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Wednesday, July 1, 2015

Flight Safety, Unmanned Aircraft Are International Themes

 The recently concluded Police Aviation Conference illustrated the common interests of airborne law enforcement agencies around the world.

By Bryn Elliot

The Turkish National Police is using Bell Helicopter 429s to support a wide array of law enforcement missions.
Photo courtesy of Bell

The Police Aviation Conference highlighted the common issues confronting airborne law enforcement units around the world, from flight safety and unmanned aircraft to interaction with homeland security agencies.

The annual conference was held May 26-27 in Breda, the Netherlands. I am the organizer of PAvCon, as well as editor of Police Aviation News.

This year’s event was opened with a keynote address by a retired Netherlands air force general, Pieter Cobelens, who declared he knew little about police aviation. But even his copious helping of humor failed to hide some significant links with the security world. That alone bridged any gap there might have been between policing and the military.

It was left to the chief pilot of the host police force, the Royal Netherlands Police, to start off the aviation show with an introduction to policing and aviation in the Netherlands. The presentation of Chief Pilot Sebastiaan Jansen of the national police’s Police Aviation Group was entitled “Patrol and Fly.”

The volunteer safety program manager for the Airborne Law Enforcement Association (ALEA), Bryan Smith, returned this year to spur the conversation on flight safety. A deputy and pilot for the Seminole County, Fla. Sheriff’s Office, Smith distributed questionnaires on day one to solicit points of discussion for day two’s session. Attendees returned these in great numbers, providing “meat on the table” for day two’s talks.

The flight safety theme of the conference continued through both days, with items on the dangers of bad weather interspersed with talk of flight planning. All of these are potentially dry subjects, but a professional team of “facilitators” with many years of experience coaxed the best out of the audience.

I do not know who originally found Sgt. Dave Domoney of the Royal Canadian Mounted Police (RCMP), but he certainly has done the industry proud. I found Dave speaking to the September 2013 Police Aviation Conference (a conference of a similar name) in Kuala Lumpur, Malaysia and decided that his words on unmanned aircraft needed a wider audience.

In the meantime, he has grown in status and is now the officer in charge of all the RCMP craft spread across much of western Canada. In Kuala Lumpur, he’d said he had a lot of police unmanned aerial systems (UASs). This year, he has a veritable air force under his control. (In each year since I met Dave, I am pretty certain that the RCMP had the largest number of unmanned aircraft of any police service.

The Canadian position is unique in that all its manned resources tend to be in the east and the west of the country, leaving the vast central areas without any air cover until the tiny quad rotors arrived.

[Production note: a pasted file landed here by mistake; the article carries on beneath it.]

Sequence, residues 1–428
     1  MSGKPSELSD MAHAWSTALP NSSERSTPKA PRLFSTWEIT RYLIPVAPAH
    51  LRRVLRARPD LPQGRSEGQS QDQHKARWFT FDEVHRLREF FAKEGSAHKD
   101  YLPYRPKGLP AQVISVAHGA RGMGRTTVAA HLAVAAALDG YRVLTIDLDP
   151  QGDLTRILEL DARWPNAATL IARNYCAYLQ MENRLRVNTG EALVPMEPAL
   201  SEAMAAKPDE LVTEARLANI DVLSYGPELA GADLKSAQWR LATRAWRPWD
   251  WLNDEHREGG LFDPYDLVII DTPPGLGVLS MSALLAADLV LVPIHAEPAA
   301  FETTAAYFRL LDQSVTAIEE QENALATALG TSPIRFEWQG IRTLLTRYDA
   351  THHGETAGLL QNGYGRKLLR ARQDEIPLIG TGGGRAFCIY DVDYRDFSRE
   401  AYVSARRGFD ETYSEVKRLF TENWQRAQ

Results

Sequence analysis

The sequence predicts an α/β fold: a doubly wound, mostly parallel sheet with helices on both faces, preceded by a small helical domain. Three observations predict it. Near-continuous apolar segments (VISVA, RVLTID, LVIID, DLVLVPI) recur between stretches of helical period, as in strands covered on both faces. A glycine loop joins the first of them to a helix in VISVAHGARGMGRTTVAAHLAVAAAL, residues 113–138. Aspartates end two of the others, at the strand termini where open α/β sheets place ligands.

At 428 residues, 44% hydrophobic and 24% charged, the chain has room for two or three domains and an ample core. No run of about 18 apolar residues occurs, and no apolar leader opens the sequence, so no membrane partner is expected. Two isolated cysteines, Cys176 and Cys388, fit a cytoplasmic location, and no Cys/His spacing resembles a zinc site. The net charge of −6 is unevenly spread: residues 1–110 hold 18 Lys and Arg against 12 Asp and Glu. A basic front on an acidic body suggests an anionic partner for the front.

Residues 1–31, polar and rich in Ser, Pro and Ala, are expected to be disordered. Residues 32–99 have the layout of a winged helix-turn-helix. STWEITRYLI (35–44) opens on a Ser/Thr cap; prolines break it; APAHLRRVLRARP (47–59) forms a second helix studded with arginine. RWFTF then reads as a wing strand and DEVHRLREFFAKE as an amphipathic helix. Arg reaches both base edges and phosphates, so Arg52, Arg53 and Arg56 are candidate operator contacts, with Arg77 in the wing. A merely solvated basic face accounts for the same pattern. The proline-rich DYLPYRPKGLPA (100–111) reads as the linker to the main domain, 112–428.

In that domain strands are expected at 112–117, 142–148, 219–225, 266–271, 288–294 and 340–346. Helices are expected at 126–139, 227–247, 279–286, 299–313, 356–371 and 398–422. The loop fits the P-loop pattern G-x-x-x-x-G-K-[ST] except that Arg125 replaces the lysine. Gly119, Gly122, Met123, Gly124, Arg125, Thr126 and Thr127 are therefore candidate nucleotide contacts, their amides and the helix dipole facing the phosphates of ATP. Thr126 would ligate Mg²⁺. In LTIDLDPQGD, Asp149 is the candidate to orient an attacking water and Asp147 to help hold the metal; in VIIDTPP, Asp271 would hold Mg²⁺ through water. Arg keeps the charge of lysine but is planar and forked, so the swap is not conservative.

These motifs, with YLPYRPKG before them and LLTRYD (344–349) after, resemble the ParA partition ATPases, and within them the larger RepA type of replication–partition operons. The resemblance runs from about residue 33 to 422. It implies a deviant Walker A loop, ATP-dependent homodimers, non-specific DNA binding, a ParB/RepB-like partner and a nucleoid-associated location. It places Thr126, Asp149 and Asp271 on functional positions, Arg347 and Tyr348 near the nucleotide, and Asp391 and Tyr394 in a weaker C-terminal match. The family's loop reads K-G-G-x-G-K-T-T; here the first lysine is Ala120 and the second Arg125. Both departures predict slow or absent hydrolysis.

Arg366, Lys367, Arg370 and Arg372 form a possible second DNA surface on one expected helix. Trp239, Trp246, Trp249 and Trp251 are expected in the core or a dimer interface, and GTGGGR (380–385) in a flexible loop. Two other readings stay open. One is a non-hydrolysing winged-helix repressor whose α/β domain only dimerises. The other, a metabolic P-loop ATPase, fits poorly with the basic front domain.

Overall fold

As arguably the leading proponent of light unmanned aircraft within any police service, he captured the audience’s attention.

Although the RCMP has a large number of UASs, those aircraft are not flying every day. Each aircraft may be undertaking an average of two missions each month. (Dave joined ALEA while at PAvCon because, he said, he could see that the organization is the glue that keeps all the widely differing aspects of police aviation together.)

This year, ALEA sent over CEO Dan Schwarzbach and President-Designate Steve Roussell (of the Los Angeles Police Department) to lead a roundtable discussion on ALEA international operations. There may be a general feeling that ALEA is an inward-looking organization, but this is disproved by the group’s decades-long connection with PAvCon and its predecessors, as well as other groups in Europe and in the wider world.

ALEA and commercial companies have met recent requests for airborne law enforcement trainers in Europe, Africa, Australia and Malaysia. No other body has done that.

PAvCon has grown. Over the years since 2009, the number of exhibitors has clawed its way upwards. Last year in Brussels, we had more than 30 exhibitors. This year, the number leaped to 43, which brought in lots of regular faces and a number of new ones. In fact, the increase in numbers outstripped the space available in the main hangar. That meant late-book exhibitors had to set up in an adjacent hangar.

It is the exhibition area that makes these events work, and the number of exhibitors allowed the delegates to vary their conversations throughout the day.

The eight-hour program day included three hours of face-to-face networking. There have been reports that, for some, this simply was not enough and as a result some delegates missed on some presentations. Quite a good position to be in, it might be said.

So we have an event that attracts front-line police aviators from all over the world. This year, for instance, new delegates to PAvCon came from Botswana to meet with industry and exchange operational ideas in an open forum.

I would like to thank a whole host of people, including the speakers, who gave so much of their time even if the cost of transport was covered. I would also like to thank the supporting organizations, including AEC Air Support (our immediate hosts), Hangar 1 Restaurant (for great food), Airbus Defence, ALEA, Bell Helicopter and REVUE Thommen, which sponsored elements of the program and entertainment. I must also thank the delegates for actually attending the event to make it all worthwhile and the Royal National Police for its input and the number of its officers who joined in.

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